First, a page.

Dennis Bernstein and the Myth of Bio-Persistence
David Bernstein, a Swiss toxicology consultant named in the recent report “Dangers in the Dust,” makes his living promoting death, as he travels the world extolling the virtues of chrysotile.
David Bernstein is known in scientific circles for his theory of “biopersistence,” claiming chrysotile fibers do not last long enough in the human body to cause cancer. His 2003 paper based on animal studies, “The Biopersistence of Canadian Chrysotile Asbestos,” was commissioned by the Asbestos Institute, later renamed the Chrysotile Institute, for $1 million.
What do non-industry experts have to say about bio-persistence? Read the article in Mining Watch Canada.
Dr. David Egilman from Brown University says, “The so-called ‘clearance’ of chrysotile fibres from the lungs is an irrelevance as most of the fibers are not expelled from the body but are broken down into thinner fibers which do not disappear but are just too small to be seen. Some of these fibers migrate to the pleura where they accumulate and can cause cancer… The fact that the research by Bernstein et al. avoids testing at the sites where asbestos-related cancer occurs is an intentional sleight-of-hand designed to produce the result wanted by their industry paymasters which is a clean bill of health for chrysotile.”
Dr. Barry Castleman, a member of the Collegium Ramazzini, says that the issue of biopersistence “is a red herring. Many chemicals don’t last long in the body, but along the way they cause cancer.”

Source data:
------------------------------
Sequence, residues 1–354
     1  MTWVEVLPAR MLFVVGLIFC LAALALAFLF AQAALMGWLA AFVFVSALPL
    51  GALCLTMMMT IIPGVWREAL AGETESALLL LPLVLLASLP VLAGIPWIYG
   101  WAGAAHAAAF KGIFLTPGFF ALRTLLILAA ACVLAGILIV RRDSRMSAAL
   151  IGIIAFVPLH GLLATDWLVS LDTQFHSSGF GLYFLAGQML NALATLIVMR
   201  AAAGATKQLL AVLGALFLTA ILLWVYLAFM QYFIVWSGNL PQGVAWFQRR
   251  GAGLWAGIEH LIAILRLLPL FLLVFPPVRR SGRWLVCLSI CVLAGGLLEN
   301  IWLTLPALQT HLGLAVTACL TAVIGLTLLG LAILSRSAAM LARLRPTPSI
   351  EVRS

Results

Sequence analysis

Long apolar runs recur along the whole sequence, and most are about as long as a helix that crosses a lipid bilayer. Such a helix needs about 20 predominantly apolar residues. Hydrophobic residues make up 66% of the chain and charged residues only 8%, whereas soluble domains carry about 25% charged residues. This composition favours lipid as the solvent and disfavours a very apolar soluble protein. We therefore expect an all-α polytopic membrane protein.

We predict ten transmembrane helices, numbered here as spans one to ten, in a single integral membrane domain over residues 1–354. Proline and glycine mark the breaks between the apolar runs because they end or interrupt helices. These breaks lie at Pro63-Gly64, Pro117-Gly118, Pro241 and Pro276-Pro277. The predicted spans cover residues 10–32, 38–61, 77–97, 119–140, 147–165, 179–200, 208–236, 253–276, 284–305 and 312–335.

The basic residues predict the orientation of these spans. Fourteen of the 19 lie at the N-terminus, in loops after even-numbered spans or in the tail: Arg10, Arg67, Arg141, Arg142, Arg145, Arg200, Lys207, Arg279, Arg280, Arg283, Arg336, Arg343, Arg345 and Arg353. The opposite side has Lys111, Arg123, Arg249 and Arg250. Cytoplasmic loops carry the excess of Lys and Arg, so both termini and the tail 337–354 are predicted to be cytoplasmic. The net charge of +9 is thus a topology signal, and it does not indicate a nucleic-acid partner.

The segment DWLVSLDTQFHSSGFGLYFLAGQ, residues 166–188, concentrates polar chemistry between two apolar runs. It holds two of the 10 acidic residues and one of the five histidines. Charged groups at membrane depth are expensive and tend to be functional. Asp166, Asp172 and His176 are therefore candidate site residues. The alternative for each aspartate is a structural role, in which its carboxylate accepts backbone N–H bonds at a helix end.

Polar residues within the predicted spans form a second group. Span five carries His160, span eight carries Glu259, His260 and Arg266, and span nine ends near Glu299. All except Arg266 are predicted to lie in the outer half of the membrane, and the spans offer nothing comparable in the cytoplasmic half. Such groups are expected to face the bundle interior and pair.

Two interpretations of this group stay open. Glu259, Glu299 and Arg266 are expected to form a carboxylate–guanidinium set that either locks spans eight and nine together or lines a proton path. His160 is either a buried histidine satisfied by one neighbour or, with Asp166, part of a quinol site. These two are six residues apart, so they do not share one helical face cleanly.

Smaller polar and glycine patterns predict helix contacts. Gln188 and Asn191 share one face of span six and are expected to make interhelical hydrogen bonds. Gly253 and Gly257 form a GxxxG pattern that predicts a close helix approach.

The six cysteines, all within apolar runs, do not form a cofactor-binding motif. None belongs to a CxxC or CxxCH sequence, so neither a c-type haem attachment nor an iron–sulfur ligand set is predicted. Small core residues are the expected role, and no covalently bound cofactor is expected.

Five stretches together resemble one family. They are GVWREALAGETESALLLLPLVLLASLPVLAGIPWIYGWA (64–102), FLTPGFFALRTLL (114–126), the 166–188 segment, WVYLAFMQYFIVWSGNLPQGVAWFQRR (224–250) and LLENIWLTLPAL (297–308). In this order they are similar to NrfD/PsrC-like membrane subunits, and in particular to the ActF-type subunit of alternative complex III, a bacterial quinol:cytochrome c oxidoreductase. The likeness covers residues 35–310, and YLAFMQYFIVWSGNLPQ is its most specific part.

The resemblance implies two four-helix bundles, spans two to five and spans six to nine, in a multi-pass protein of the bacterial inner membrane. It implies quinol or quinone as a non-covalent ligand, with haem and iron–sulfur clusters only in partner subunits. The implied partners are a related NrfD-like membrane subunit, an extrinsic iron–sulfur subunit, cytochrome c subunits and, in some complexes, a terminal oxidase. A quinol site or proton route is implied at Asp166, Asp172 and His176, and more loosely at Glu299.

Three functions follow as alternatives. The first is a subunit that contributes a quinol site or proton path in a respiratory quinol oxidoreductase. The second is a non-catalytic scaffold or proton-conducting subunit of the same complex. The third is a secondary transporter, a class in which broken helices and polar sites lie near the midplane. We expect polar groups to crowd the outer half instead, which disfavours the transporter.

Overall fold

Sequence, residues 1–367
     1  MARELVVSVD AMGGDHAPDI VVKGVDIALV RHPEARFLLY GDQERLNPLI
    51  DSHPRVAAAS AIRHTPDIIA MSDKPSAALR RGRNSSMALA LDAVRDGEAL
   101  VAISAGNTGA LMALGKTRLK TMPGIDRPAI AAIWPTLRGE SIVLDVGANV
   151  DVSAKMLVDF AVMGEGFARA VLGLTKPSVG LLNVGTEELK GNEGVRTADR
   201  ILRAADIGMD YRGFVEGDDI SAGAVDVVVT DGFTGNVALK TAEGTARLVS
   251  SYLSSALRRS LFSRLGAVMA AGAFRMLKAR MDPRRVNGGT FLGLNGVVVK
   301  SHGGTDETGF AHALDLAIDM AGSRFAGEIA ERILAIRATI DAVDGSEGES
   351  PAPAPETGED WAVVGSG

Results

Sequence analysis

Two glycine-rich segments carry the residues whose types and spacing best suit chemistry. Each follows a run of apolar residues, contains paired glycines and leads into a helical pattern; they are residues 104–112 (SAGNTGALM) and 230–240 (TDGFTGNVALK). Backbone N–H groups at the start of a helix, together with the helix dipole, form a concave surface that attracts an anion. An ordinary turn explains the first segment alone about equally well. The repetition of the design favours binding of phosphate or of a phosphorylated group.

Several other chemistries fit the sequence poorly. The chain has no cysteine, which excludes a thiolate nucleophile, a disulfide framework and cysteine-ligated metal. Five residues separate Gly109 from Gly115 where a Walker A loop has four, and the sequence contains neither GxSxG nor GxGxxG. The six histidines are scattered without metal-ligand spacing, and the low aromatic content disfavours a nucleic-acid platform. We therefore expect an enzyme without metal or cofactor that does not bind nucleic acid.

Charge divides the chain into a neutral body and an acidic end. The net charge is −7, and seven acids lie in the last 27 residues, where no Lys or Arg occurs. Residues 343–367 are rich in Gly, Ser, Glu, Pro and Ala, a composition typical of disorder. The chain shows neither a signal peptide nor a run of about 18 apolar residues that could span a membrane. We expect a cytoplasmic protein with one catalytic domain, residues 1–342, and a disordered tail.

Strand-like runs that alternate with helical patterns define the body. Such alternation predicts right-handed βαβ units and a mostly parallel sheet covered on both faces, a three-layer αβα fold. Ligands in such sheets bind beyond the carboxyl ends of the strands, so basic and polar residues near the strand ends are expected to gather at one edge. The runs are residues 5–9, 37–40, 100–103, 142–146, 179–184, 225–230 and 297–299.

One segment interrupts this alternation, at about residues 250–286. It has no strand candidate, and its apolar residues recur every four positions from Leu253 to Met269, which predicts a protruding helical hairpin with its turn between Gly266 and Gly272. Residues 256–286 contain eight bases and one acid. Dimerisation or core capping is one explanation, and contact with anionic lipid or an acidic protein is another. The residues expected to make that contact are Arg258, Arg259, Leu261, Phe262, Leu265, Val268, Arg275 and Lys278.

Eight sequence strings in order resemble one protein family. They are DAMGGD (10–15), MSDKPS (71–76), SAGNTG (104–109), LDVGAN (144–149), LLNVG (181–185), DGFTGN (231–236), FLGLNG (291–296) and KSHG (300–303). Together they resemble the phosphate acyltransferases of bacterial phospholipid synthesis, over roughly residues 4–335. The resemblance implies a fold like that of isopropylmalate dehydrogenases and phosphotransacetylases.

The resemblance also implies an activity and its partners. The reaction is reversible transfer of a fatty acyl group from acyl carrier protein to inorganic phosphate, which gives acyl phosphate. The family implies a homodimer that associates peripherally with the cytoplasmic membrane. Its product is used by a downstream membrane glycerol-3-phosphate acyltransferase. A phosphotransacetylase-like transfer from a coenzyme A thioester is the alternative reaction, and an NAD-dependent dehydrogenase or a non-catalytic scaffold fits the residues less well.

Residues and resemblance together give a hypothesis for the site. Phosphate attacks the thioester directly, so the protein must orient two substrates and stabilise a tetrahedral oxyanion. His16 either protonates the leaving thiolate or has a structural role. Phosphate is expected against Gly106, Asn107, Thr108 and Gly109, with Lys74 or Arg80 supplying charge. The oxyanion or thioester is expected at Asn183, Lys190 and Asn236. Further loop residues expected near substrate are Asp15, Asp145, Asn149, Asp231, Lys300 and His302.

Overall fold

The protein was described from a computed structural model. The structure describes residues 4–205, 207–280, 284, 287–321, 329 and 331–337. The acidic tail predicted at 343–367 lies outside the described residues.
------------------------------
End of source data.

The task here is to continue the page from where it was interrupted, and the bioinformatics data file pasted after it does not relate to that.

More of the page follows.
Dr. Morris Greenberg, a retired UK Factory Inspector, adds, “The speed with which mineral fibres produce their effects in vitro, literally within minutes, makes me question the relevance of biopersistence. In other words, the damage done by the inhaled fibres can take place in a relatively short period of time and thus the clearance or dissolution of the fibres does not affect their carcinogenic potential…”
“We can use chrysotile safely if it is cleverly used,” Bernstein has said, in an interview in The Nation.
“Cleverly used,” Mr. Bernstein? Is it “clever” to import this substance to the developing world, where regulations to protect workers are virtually non-existent? Pat Martin, a member of Canada’s parliament and a former asbestos miner, doesn’t think so. “If we in the developed world haven’t found a way to handle chrysotile safely, how can we expect them to do so in developing nations?”
Read the related article in The Lancet here.